Street and Graffiti Art
Summary of Street and Graffiti Art
The common idiom "to take to the streets" has been used for years to reflect a diplomatic arena for people to protest, riot, or rebel. Early graffiti writers of the 1960s and 70s co-opted this philosophy as they began to tag their names across the urban landscapes of New York City, Los Angeles, and Philadelphia. As graffiti bloomed outward across the U.S., Street Art evolved to encompass any visual art created in public locations, specifically unsanctioned artwork.
The underlying impetus behind Street Art grew out of the belief that art should function in opposition to, and sometimes even outside of, the hegemonic system of laws, property, and ownership; be accessible, rather than hidden away inside galleries, museums, and private collections; and be democratic and empowering, in that all people (regardless of race, age, gender, economic status, etc.) should be able to create art and have it be seen by others. Although some street artists do create installations or sculpture, they are more widely known for the use of unconventional art mediums such as spray paint, stencils, wheat paste posters, and stickers. Street Art has also been called independent public art, post-graffiti, and guerilla art.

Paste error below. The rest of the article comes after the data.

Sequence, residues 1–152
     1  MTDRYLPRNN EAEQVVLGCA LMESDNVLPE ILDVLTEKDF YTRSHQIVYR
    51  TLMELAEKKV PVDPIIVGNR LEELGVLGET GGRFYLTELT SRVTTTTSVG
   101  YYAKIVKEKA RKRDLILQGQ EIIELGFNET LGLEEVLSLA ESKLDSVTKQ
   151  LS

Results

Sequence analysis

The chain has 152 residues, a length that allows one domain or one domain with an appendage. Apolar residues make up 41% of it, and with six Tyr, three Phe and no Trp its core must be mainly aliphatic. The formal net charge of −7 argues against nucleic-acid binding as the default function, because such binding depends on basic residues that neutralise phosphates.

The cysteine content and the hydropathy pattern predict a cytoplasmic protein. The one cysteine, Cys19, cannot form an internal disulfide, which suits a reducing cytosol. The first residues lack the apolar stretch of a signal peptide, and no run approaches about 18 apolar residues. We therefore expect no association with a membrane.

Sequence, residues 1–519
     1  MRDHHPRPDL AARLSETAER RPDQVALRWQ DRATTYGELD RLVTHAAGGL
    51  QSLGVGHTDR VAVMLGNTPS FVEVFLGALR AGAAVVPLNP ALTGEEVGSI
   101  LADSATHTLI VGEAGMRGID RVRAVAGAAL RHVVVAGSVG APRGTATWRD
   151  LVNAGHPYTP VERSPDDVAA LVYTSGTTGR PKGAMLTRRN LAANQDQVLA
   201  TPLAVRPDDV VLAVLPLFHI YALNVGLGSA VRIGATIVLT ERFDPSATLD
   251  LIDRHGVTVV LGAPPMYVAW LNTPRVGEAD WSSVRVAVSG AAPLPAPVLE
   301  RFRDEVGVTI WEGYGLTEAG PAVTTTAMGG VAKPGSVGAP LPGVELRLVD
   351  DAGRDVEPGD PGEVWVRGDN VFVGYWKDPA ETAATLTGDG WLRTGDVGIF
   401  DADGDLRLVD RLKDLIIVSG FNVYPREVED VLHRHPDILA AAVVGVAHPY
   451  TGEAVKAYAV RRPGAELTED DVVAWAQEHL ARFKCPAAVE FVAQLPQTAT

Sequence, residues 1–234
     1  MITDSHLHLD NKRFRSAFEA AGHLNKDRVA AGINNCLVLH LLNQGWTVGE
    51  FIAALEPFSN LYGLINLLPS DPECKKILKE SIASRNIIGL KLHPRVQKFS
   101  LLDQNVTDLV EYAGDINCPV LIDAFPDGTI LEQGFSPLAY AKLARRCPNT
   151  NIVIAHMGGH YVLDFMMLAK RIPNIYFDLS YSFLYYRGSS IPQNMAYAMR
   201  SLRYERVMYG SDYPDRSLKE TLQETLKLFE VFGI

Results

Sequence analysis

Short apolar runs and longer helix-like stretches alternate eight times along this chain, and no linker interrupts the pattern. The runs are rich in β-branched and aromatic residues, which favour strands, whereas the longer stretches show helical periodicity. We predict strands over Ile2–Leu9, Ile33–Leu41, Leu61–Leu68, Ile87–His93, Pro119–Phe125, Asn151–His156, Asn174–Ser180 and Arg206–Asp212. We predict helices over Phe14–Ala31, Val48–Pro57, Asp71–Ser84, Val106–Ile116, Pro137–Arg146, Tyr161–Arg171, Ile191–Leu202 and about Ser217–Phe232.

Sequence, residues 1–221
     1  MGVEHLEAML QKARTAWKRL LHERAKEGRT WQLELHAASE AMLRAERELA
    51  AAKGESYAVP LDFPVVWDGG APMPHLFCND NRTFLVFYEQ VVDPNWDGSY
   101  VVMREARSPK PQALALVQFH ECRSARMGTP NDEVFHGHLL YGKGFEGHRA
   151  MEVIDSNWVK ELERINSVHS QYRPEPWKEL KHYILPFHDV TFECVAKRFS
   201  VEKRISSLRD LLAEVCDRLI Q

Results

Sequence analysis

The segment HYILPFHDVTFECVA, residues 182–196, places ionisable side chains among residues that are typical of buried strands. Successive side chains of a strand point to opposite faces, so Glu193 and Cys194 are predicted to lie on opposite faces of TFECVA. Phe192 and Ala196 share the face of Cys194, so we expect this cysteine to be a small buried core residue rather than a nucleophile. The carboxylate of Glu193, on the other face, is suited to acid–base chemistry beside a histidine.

Key Ideas & Accomplishments
- A central aspect of Street Art is its ephemerality. Any unsanctioned public work runs the risk of being removed or painted over by authorities or by other artists. No one can own it or buy it. Viewers are seeing a one-of-a-kind work that is likely not to last. This temporariness creates an immediacy and electricity around the work.
- Street Art can often be viewed as a tool for promoting an artist's personal agenda surrounding contemporary social concerns, with city facades acting in the same role as the old fashioned soapbox; a place to extol the artist's opinion on a myriad issues ranging from politics and environmentalism to consumerism and consumption.
- Many street artists use the public canvas of buildings, bridges, lampposts, underpasses, ditches, sidewalks, walls, and benches to assure their individual messages are seen by a wide swath of the population, unfiltered by target demographics or being accessible only to art world denizens.
- As advertising infiltrates, the communal consciousness on a constant daily basis, Street Art has oftentimes been coined a counter attack. Popular street artist Banksy has said, "To some people breaking into property and painting it might seem a little inconsiderate, but in reality the 30 square centimeters of your brain are trespassed upon every day by teams of marketing experts. Graffiti is a perfectly proportionate response to being sold unattainable goals by a society obsessed with status and infamy. Graffiti is the sight of an unregulated free market getting the kind of art it deserves."